Quantifying Climate Feedbacks from Abrupt Changes in High-Latitude Trace-Gas Emissions
Funded by the Department of Energy
The overall goal of this project is to quantify the potential for threshold changes in natural emission rates of trace gases, particularly methane and carbon dioxide, from pan-Arctic terrestrial systems under the spectrum of anthropogenically forced climate warming, and the extent to which these emissions provide a strong feedback mechanism to global climate warming. This goal is motivated by the premise that polar amplification of global climate warming will induce widespread thaw and degradation of permafrost, and would thus cause substantial changes in the extent of wetlands and lakes, especially thermokarst (thaw) lakes, over the Arctic.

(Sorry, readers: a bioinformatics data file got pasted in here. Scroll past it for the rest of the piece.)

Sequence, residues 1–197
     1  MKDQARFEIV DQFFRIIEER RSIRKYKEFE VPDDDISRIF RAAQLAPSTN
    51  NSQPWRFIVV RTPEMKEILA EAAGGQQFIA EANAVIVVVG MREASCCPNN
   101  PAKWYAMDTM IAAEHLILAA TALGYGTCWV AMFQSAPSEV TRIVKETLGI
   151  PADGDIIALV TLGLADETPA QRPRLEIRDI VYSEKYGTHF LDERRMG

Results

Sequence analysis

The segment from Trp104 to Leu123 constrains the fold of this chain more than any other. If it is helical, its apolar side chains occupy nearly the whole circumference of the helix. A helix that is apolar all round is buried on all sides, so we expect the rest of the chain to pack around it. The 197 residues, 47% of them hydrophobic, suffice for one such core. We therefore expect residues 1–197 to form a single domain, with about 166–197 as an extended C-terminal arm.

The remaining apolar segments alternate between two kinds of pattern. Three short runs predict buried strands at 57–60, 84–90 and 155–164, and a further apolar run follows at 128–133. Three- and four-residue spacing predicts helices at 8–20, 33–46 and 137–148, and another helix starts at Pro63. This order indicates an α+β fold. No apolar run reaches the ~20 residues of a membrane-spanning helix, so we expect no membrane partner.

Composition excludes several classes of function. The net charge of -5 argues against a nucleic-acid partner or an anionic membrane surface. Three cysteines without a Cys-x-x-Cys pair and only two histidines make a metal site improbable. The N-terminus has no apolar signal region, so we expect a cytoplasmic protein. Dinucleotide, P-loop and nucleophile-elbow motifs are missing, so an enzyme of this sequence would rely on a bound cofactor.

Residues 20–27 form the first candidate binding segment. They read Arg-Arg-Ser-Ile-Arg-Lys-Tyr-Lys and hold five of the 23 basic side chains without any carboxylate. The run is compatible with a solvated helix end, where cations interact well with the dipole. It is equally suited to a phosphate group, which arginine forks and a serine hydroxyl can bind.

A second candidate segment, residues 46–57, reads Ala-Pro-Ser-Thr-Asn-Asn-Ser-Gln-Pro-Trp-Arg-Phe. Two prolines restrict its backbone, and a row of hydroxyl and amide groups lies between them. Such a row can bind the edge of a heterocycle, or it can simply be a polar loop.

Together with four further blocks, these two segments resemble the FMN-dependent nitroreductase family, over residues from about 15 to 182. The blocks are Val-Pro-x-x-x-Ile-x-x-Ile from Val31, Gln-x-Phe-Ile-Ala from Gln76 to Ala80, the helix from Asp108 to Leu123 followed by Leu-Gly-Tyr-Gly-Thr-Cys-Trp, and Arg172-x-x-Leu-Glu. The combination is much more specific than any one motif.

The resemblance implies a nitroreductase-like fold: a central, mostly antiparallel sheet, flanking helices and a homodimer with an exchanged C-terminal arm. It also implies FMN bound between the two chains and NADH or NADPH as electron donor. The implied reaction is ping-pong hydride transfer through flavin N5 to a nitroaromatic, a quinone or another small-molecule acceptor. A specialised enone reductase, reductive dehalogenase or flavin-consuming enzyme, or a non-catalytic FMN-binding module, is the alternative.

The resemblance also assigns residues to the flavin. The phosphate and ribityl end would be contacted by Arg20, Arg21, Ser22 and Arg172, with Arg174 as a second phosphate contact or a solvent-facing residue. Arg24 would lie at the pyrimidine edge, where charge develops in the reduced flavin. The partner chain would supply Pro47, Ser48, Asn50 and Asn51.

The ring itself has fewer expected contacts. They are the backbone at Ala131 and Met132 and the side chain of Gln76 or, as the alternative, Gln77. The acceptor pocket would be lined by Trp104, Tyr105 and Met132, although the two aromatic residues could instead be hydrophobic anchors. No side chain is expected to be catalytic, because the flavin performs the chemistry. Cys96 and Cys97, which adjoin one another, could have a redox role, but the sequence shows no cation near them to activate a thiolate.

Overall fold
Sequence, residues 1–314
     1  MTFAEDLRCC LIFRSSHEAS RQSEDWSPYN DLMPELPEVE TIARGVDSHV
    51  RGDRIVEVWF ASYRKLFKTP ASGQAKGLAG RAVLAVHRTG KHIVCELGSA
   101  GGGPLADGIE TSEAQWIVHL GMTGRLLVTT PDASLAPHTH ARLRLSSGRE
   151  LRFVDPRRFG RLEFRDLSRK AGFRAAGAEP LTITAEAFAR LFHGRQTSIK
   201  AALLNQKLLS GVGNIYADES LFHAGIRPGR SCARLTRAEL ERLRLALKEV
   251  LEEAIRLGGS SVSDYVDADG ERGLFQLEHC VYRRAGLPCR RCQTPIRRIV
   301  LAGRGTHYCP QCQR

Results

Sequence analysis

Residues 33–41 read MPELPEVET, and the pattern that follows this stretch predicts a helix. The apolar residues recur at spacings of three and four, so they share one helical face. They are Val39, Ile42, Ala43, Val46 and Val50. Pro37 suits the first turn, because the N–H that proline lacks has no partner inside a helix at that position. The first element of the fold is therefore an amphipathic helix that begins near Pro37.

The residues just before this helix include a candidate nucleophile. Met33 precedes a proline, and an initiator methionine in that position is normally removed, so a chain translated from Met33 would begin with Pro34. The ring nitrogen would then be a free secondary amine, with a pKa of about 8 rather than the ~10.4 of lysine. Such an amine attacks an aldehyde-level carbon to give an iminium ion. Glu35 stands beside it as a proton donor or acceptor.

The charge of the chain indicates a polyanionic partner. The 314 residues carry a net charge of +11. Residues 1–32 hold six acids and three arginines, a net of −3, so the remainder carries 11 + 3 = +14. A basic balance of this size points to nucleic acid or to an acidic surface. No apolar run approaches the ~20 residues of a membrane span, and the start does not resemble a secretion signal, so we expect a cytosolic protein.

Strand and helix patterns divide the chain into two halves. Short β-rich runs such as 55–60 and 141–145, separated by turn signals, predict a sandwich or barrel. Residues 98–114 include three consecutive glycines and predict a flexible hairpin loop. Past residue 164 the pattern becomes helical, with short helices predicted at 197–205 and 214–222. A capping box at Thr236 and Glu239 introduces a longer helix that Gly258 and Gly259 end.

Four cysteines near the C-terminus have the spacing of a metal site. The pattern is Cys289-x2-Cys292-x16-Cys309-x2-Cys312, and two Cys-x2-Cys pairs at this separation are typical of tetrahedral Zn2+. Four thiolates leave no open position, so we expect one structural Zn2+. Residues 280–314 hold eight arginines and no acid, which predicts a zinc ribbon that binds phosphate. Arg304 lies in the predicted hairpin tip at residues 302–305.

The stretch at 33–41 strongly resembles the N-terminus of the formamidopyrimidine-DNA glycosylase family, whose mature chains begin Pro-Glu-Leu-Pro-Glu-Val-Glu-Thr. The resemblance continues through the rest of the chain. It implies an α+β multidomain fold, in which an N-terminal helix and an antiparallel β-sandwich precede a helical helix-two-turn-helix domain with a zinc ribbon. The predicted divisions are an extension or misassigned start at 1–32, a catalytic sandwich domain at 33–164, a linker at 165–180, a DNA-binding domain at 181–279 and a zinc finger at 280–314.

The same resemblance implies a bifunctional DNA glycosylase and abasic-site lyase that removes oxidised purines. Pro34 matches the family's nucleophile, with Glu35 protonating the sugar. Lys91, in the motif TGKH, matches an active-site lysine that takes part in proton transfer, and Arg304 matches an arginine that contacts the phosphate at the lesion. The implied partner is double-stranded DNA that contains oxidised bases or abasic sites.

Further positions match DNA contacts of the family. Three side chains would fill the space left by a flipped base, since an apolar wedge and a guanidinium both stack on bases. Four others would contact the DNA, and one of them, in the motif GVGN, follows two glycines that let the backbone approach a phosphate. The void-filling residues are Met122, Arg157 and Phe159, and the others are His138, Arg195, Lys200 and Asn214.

Through a suite of global model experiments that encapsulate the fundamental processes governing methane emissions – as well as their coupling to the global climate system -the team will test the following hypothesis: A climate warming threshold exists beyond which permafrost degradation becomes widespread and instigates strong and/or sharp increases in methane emissions (via thermokarst lakes and wetland expansion). These emissions would outweigh any increased uptake of carbon (e.g., from peatlands) and would result in a strong, positive feedback to global climate warming.
- Qianlai Zhuang, Departments of Earth & Atmospheric Sciences and Agronomy
- Adam Schlosser, Massachusetts Institute of Technology
- Jerry Melillo, Marine Biological Laboratory
- Katey Walter, University of Alaska, Fairbanks
203 S. Martin Jischke Drive
West Lafayette, IN 47907
- Phone: 765-494-5146
- Fax: 765-496-9322